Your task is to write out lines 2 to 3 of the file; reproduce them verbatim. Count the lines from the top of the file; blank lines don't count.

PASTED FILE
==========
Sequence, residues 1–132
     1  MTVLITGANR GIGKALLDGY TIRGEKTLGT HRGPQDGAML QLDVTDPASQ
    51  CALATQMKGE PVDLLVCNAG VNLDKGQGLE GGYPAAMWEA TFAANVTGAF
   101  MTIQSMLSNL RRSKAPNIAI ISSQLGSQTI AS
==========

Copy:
     1  MTVLITGANR GIGKALLDGY TIRGEKTLGT HRGPQDGAML QLDVTDPASQ
    51  CALATQMKGE PVDLLVCNAG VNLDKGQGLE GGYPAAMWEA TFAANVTGAF